Shiv Sagar from Bombay is here in Delhi and that too just a 15 minutes drive from home. When we decided to go there for a dinner early this week Arvind was not too keen saying it is a vegetarian place but I was sure that he would like the food there. Being born and brought up in Banaras he is the one who would walk an extra mile for a good kachori or golgappa I know.

The first thing we tried at Shiv Sagar was a Sev Puri that he loved. The juice tasters that come in test tubes was a great idea, fresh juices of mosambi (Sweet Lime), Orange, Pineapple and Watermelon can be ordered from the 'live juice bar' and they also have a few juice based mocktails called Ganga Jamuna and Maramari. One can decide after tasting and according to the mood of the day.

Our mood for good food was set already.

We had great expectations when the Vada Pao came to our table with all it's accompaniments of red lasun chutney and fried green chilly etc but the real test is in the pao (the bun) and the potato bonda inside. I found the Vada pao good on both counts but I have had better Vada Pao on the streets of Bombay so may be some friends from Bombay wouldn't find it good enough.

I loved the Pao Bhaji a lot more, the Pao not too soaked in butter and the Bhaji buttery in texture but not floating in butter, the spicing perfect for me. I found the quality of he Bombay Pao perfect and asked Varun Puri whose team has brought Shiv Sagar to Delhi, he informed that the Pao is in fact brought in from Bombay twice a day for the sake of authenticity. I find this kind of commitment towards delivering authenticity really commendable.

I talked to the Executive Chef Harish Joshi as well and was charmed by his smile that spreads across his face when he talks. Such a happy Chef can never go wrong in bringing great food for the guests.

The Bhel mixture was also good, something that Arvind likes for his evening snack many a times but this one had a Bombay feel to it.

The Bombay Sandwiches were made perfectly too. Sprinkled generously with the thin sev that stay crunchy even inside the sandwich and perfectly grilled bread. Mind that this is coming from someone who is not too find of sandwiches. I took a few bites as we wanted to taste more of the stuff on the menu, the sandwich kept calling me back that I had to ignore with all my will. Good stuff.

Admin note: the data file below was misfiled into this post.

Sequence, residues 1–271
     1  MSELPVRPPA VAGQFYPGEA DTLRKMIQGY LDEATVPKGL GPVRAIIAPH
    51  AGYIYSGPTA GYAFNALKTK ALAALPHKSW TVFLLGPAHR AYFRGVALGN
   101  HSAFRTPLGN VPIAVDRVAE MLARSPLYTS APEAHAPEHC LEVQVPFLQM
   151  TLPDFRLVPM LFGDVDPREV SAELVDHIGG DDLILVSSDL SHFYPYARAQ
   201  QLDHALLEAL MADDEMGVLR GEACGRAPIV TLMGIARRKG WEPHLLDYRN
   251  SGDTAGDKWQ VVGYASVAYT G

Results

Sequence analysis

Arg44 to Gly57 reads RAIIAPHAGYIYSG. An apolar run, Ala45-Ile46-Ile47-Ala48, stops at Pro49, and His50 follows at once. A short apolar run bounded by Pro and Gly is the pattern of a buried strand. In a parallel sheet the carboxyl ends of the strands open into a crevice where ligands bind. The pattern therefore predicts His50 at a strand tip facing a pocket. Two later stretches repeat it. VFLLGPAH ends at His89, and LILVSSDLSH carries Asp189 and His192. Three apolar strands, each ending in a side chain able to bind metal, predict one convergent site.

I was surprised to see a Delhi special Bedmi Alu on the menu, it looked like a crisp ball with 3 small bowls of brown subzi but I was not prepared for the taste it brought. This is a must try at Shiv Sagar because they have created a very very good Methi ki chutney to go along with the alu subzi that transforms this Bedmi poori from an average to extraordinary. Pour some methi chutney over the alu subzi and dunk a bite of Bedmi into it, this bite would make you feel so good about methi being on your plate. Very crisp bedmi poori is a very good scooping tool for the goodness in those bowls.

While the Pao Bhaji, Vada Pao and Bhel took us to the streets of Bombay, this Bedmi alu brought us back right into the streets of old Delhi.

They have a spread of Indo-Chinese street food as well. The Chilly Idli and Triple Sichuan fried rice we tasted were quite addictive. I better not talk about foodie addictions, I mean this Sichuan fried rice has a base of Manchurian balls, a layer of fried crisp noodles and then fried rice over that creating a medley if taste and textures that is hard to resist.

There was one more thing that felt like old Delhi and that was this Paan kulfi. With a whole paan inside, I finished this kulfi all by myself though I am known for disliking desserts. This kulfi feels like a paan and yet gives all the pleasures of a kulfi.

 I found it better than the famed Kuremal kulfi to be honest. Talking about it, I am craving for this Paan Kulfi on a December midnight. Imagine.

I would be going back to Shiv Sagar for the Bedmi, for the Kulfi, for the Pao Bhaji and for the Chilly idli too may be. Arvind has his choices too, he loved the Triple Sichuan fried rice, the Bhel and pretty much everything we tasted that day. I know he would be frequenting Shiv Sagar quite often now. My gut feeling was right, he wouldn't ever be disappointed with good street food and will forge his love for nonveg for a while whenever it happens.